Critics bruised the novel pretty badly, but Hopkins got a kick out of it: "I thought it was way over the top but interesting." Foster wasn't so taken. Early on, De Laurentiis refused to pay her $20 million asking price, then after she read the screenplay, she opted out, saying she preferred to direct a movie of her own. "She need the picture more than we need her," scoffs the producer. "I believe she's wrong for this movie. We have a different story, mature woman with sex appeal, and I don't think it's right for Jodie Foster."

The book also failed to seduce Jonathan Demme and Ted Tally, the Oscar-winning director and writer of Silence. Director Ridley Scott, however, read Harris' manuscript while shooting Gladiator in Malta and signed on right away. "I saw in the material humor and romanticism," says Scott. "I think the first team missed that." Zaillian says he took on the writing challenge "because it sounded like fun."

While the filmmakers scrambled for a new Clarice (Angelina Jolie? Too young. Hilary Swank? Ditto), Hopkins stayed out of the fray. Since giving up alcohol 25 years ago ("I sobered up, cleaned up my act; fortunately I survived"), he keeps to himself, avoiding unnecessary drama. "I'm much better off on my own," he says. He lives alone in the Palisades house while his wife of three decades, Jenni, resides in Britain. The commitment to solitude extends to his work life as well. Hopkins steered clear of Hannibal's Byzantine studio politics. Before Universal, De Laurentiis' professional home, and MGM, which owns Silence, joined forces, a nasty lawsuit had been simmering over the rights to the Clarice character.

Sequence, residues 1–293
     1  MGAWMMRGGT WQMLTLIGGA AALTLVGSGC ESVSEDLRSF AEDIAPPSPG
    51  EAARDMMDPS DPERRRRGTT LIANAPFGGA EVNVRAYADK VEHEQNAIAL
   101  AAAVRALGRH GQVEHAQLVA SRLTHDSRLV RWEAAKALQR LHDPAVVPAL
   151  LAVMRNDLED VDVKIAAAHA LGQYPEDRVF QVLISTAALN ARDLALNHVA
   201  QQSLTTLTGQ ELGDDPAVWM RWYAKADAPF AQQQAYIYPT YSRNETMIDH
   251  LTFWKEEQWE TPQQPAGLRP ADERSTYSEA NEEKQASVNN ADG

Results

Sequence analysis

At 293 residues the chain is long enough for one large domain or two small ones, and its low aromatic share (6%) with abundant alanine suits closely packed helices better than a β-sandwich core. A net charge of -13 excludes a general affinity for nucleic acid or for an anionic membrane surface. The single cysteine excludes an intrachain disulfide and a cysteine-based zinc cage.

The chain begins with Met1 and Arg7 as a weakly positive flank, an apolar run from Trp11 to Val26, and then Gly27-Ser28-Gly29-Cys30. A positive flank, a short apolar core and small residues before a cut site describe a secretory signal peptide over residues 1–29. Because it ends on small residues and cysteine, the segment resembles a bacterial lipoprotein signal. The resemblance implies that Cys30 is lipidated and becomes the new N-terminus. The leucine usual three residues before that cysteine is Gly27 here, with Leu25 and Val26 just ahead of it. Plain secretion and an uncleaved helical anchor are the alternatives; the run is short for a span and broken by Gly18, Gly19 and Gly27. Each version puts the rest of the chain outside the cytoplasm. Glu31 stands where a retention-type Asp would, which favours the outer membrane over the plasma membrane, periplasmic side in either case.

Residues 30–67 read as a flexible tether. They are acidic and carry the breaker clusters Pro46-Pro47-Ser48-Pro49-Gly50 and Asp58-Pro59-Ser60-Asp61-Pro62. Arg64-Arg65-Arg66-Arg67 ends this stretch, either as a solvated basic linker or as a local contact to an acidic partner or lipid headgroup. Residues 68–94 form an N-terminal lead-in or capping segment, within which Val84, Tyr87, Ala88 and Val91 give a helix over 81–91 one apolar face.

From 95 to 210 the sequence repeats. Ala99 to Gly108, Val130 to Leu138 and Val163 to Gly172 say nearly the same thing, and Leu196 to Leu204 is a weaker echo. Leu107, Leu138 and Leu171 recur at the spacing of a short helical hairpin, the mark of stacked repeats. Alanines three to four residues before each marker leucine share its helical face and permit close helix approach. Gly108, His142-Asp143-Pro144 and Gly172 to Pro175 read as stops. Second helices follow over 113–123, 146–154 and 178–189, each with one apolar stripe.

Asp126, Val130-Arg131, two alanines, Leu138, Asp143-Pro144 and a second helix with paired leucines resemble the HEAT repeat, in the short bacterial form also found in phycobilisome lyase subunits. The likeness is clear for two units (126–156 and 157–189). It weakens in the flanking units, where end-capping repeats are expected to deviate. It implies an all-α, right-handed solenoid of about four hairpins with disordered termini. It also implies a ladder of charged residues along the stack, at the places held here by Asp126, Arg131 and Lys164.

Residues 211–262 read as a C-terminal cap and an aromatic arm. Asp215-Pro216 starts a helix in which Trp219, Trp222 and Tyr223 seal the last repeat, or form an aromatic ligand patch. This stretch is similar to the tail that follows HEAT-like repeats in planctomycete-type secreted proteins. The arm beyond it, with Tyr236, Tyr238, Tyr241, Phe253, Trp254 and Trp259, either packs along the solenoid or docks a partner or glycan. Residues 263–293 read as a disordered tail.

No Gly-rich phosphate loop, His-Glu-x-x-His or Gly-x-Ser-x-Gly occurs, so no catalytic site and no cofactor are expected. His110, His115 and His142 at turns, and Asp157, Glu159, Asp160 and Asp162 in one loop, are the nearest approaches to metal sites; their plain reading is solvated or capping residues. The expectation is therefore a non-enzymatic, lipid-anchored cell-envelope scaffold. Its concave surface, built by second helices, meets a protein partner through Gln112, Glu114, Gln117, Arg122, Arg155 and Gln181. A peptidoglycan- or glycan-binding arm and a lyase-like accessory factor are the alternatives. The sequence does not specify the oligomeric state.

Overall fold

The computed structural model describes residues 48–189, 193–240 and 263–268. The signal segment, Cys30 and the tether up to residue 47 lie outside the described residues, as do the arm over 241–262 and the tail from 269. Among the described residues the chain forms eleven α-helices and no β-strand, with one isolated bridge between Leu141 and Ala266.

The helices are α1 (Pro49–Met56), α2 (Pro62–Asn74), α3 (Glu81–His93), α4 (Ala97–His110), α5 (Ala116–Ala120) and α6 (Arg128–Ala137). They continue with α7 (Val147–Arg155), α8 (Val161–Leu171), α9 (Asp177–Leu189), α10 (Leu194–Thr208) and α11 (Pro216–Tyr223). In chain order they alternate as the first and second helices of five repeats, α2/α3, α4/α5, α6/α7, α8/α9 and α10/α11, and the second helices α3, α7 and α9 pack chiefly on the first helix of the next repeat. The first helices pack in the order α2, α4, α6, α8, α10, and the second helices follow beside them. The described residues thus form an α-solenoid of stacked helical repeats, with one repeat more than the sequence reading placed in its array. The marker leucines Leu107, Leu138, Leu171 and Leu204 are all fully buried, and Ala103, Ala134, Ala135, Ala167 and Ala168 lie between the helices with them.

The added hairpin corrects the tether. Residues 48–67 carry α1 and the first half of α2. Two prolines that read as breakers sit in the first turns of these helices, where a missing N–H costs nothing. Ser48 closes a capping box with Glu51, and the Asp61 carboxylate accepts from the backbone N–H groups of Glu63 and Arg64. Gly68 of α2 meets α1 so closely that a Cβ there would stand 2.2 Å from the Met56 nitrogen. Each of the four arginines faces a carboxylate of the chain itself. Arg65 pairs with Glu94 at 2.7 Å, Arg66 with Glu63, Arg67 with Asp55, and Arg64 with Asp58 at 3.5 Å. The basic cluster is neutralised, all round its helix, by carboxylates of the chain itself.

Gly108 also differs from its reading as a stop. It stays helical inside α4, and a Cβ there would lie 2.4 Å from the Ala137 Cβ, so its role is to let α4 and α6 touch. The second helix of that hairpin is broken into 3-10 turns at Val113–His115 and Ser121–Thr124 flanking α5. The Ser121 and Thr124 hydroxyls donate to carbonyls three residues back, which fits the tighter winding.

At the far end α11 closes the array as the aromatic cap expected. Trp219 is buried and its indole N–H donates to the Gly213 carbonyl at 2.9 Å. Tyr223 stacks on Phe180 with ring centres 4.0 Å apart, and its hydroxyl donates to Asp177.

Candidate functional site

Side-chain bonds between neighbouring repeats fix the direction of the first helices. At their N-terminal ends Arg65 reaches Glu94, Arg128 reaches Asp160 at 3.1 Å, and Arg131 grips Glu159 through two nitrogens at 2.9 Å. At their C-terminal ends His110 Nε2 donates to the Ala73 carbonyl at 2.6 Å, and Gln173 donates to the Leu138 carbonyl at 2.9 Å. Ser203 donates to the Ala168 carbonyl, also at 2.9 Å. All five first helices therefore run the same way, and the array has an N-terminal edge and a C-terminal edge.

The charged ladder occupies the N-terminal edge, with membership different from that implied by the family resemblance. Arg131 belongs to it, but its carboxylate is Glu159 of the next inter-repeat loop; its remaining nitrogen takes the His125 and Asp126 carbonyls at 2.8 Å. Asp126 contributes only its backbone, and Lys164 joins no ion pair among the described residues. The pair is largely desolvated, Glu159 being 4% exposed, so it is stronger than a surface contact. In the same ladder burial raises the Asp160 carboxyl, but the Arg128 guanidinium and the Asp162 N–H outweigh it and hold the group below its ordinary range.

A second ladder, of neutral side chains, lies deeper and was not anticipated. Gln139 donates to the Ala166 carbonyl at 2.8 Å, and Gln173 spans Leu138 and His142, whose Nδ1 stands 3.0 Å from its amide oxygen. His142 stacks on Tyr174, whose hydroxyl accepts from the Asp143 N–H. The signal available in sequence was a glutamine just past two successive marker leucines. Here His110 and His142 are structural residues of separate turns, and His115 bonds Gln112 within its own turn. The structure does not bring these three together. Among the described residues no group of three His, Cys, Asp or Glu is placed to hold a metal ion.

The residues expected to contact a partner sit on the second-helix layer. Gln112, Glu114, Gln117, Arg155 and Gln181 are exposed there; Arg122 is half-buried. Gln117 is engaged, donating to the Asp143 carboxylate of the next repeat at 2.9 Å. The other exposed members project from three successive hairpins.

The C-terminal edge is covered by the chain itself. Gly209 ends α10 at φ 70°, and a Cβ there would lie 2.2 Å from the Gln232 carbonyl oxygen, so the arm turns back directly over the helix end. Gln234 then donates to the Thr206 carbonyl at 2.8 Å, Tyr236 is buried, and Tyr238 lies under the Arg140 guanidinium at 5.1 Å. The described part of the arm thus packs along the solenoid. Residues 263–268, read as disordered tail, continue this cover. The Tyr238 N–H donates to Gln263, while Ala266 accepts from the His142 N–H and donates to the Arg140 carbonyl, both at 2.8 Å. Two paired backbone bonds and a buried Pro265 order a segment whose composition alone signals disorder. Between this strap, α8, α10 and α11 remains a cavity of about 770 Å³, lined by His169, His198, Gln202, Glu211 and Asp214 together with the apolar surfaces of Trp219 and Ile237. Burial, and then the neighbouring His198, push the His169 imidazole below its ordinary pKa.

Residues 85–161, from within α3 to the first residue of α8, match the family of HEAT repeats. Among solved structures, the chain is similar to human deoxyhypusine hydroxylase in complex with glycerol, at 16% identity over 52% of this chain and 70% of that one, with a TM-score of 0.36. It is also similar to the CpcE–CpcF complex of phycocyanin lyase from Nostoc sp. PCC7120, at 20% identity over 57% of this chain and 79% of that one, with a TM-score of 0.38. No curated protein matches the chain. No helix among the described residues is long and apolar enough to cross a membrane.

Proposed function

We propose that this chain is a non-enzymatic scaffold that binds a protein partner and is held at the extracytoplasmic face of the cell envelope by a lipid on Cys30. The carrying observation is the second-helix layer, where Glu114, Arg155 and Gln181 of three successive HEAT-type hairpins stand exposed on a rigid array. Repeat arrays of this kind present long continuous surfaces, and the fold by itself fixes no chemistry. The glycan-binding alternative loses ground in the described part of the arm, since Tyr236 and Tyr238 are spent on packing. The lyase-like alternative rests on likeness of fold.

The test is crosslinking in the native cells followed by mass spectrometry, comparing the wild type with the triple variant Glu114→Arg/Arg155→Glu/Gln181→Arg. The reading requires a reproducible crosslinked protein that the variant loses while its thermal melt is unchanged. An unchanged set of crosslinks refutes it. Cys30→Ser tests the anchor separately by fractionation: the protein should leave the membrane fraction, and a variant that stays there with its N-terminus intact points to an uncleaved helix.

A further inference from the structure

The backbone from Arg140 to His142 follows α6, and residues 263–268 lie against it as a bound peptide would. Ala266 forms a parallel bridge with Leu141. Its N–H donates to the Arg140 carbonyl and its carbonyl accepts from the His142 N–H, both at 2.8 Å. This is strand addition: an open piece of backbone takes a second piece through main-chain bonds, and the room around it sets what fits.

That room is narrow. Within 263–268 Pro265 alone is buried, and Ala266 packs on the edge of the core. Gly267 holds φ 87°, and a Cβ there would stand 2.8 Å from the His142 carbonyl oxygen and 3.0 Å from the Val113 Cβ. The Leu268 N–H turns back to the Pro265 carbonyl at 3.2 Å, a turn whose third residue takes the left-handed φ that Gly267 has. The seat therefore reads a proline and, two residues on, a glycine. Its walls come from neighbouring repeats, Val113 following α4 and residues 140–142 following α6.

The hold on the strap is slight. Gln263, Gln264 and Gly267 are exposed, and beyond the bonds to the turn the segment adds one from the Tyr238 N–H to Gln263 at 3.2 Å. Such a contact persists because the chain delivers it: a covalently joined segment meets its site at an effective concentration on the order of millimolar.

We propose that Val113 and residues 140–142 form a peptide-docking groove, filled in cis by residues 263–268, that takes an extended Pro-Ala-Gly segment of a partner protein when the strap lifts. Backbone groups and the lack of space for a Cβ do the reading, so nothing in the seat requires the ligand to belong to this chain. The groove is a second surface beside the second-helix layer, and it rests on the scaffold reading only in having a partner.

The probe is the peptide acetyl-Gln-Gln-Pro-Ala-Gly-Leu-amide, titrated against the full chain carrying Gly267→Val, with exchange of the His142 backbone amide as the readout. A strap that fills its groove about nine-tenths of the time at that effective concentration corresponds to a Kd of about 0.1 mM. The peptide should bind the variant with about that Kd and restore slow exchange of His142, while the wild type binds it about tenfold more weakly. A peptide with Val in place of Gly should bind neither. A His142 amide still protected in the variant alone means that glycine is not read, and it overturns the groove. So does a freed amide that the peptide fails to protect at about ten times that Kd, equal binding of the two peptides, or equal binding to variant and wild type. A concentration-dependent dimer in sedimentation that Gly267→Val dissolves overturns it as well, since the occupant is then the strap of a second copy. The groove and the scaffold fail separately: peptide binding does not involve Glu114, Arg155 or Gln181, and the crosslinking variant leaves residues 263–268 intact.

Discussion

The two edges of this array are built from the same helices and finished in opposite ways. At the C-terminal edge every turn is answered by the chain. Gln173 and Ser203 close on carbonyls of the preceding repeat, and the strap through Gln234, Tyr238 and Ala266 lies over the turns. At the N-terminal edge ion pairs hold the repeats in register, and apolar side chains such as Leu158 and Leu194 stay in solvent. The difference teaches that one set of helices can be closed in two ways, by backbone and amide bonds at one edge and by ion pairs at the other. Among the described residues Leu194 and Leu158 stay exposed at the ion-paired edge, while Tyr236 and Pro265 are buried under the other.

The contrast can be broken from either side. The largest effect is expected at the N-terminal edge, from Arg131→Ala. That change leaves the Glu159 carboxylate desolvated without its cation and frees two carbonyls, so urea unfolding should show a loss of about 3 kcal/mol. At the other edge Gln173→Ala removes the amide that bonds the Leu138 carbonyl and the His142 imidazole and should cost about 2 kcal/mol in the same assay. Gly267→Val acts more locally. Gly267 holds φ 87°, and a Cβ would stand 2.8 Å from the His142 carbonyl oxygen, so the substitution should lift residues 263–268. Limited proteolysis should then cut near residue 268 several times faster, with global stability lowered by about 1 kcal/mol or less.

"It's not worth getting involved with all that stuff," says Hopkins. Still, he "thought it was excellent" when his colleague from Surviving Picasso, Julianne Moore, 40, signed on. Despite the shadow of Foster, Moore (Oscar nominated for her work in Boogie Nights and The End of the Affair) took the part because "I was impressed with Ridley's take on the character." Indeed, Clarice has been rethought in the adaptation. "We had to make her more of an active detective," says De Laurentiis' wife and producing partner, Martha. As for Hannibal, Hopkins decided that the years of freedom had loosened the old boy up a bit. He now punctuates Hannibal's low-slung, threatening sentences with "okeydokey" and "goody goody."

"Did you like those?" asks Hopkins. "I added those." The star is pleased with himself. When he first visited Hollywood in 1973, he stood in Humphrey Bogart's footprints in the concrete on Hollywood Boulevard and dreamed. Not long ago, he added his own footprints among those of the legends. Last year he finally consummated his relationship with America by becoming a U.S. citizen. "I have to smile, because I'm so fortunate," he says. "I don't know how I got here. I haven't a clue." Here's a clue to where he is going: De Laurentiis now plans to make an all-new movie version of Harris' Red Dragon. Hopkins is waiting to see the script, but he is willing.

Goody goody.